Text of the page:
I want to test here the notion that two wrongs make a right. I have plagiarized Modern Canine.com, which plagiarized some internet site that plagiarized a cookbook I heard about but can't remember the name of or author of. The recipe is, if I recall right, from the bargemen of the Rhone river, painted in all their romantic simplicity by van Gogh. And it's so simple and so meaty. And the best part is the marrow.
I am neither a militant carnivore, nor militant plagiarist, though I have sympathies with both. One of the best meals I ever had was at St. John Bread and Wine in the East End of London, where they serve abats and all thats. I love very basic meats roasted or braised until it falls off the bone.
I also think that recipes like this one--ancient, earthy, local, simple--defy the concept of plagiarism. On the other hand, some enterprising American must have gone to the wilds of France to bring back the details of this great dish. And it must have appeared in some beautifully illustrated cookbook. And then it was purloined by some plagiarist to the internet, and ceaselessly re-stolen to this day. And yes, by me. And if someone will tell me where it is, I will credit it, chapter and verse, then change my recipe slightly so it is not plagiarism. This is why Creative Commons must be the rule for foodies. This preparation, though, I found elsewhere and have brazenly copied it. It's from the Rhone area of France and it's very hearty.
- 4 slices beef shank, bone-in, fat trimmed
- 1 teaspoon oil
- 2 lbs. onion, peeled and thinly sliced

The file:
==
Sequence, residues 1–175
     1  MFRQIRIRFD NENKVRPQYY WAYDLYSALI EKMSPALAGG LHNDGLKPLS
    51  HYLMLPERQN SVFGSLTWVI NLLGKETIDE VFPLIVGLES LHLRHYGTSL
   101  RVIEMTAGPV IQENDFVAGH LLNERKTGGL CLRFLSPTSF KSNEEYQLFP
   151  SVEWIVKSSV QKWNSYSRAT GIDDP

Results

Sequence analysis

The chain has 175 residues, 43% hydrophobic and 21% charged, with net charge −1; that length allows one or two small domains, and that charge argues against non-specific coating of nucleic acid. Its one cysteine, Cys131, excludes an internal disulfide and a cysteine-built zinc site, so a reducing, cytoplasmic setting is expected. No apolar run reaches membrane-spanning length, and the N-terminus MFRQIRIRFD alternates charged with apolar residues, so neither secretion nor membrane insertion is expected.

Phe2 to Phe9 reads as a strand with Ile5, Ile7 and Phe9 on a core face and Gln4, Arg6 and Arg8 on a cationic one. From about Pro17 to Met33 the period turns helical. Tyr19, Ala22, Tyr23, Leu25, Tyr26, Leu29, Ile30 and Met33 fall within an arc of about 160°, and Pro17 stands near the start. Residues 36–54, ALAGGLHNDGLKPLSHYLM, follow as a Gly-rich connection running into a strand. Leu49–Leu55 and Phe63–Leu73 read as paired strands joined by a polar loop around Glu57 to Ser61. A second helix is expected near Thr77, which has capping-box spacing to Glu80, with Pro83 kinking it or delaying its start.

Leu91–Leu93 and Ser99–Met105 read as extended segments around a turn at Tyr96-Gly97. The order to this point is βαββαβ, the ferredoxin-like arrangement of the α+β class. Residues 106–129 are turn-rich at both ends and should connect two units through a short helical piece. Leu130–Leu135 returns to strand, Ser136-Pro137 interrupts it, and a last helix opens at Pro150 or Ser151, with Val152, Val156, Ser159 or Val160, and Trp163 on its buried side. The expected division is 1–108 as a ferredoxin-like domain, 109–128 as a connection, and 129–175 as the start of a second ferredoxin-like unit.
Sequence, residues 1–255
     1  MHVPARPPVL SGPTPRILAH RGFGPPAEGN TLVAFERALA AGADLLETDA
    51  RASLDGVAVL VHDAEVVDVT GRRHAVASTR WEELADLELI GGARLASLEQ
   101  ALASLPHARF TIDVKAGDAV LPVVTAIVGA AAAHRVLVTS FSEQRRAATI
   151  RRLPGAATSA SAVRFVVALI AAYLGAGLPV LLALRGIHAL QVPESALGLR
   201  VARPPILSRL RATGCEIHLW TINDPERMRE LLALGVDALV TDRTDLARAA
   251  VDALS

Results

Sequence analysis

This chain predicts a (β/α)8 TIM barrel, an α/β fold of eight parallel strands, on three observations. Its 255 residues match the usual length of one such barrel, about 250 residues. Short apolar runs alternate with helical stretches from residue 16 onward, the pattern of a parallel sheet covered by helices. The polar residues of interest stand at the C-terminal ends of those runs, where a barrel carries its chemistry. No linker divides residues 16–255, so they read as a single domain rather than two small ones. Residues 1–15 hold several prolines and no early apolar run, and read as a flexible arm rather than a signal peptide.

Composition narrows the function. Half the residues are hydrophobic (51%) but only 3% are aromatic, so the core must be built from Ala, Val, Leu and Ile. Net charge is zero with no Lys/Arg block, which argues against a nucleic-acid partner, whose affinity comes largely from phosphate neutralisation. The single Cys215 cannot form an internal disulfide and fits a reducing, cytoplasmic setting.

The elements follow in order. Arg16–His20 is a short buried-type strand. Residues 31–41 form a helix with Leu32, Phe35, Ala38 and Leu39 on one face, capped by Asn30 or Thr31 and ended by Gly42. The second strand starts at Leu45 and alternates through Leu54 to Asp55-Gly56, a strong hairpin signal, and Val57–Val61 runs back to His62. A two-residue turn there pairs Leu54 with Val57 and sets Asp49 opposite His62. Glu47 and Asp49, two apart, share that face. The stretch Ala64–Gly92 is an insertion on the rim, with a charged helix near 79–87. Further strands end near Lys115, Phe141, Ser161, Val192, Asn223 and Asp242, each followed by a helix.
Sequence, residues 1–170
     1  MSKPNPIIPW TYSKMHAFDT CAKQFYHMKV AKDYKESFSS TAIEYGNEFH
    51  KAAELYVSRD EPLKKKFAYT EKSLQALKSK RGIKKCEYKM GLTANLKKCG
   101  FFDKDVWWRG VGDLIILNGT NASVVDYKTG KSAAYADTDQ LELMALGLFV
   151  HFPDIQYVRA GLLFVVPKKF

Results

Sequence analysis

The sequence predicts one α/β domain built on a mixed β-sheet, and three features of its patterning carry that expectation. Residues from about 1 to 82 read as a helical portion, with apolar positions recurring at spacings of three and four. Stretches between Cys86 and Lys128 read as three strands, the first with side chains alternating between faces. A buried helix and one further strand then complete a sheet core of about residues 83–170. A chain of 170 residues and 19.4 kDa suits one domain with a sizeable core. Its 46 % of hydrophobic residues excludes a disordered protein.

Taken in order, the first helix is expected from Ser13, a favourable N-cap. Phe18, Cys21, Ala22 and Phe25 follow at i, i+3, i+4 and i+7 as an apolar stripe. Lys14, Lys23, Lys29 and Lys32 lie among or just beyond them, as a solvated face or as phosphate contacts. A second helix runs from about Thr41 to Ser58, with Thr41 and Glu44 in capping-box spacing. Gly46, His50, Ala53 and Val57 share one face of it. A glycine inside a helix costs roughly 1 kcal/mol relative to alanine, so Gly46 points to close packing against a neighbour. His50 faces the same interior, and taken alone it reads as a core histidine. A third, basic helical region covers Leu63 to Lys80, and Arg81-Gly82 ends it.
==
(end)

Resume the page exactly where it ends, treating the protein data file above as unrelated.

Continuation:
- 3 sprigs thyme
- salt & freshly ground pepper
To accompany the meat:
- 4 large garlic cloves, peeled. . . .
- 5 parsley sprigs
- 4 oil-packed anchovy fillets, patted dry
- Preheat oven to 300° F.
- Smear the oil on the bottom of a dutch oven that is large enough to hold the shanks in one layer.
- Spread half of the onions on the bottom, sprinkle with salt. Put the shanks on top of the onions.
- Season the shanks with salt and pepper and add the thyme sprigs. Top with the remaining onions. Sprinkle on some more salt.
- Cover tightly and place in the oven. Braise for 3 hours
- In a food processor, process the anchovies, garlic and parsley into a paste. Spoon into a serving bowl.
Transfer the shanks & onions to a serving bowl. Degrease the pan juices and pour them over the meat. Serve accompanied by the anchovy paste."
A note on time and temperature:
The beef in the photo above was taken direct from the freezer and put put frozen solid, with the onions and thyme, into the oven at 215 degrees at 7:45 am and taken out at 7:30 pm. 12 hours. It was delicious. This recipe is hard to mess up, except perhaps by cooking at too high a temperature for too short a time. I did thicken the juices with a tablespoon of Wondra dissolved in a tablespoon of brandy, while I chopped the garlic and parseley. Five minutes.
Van Gogh - Coal Barges on the Rhone River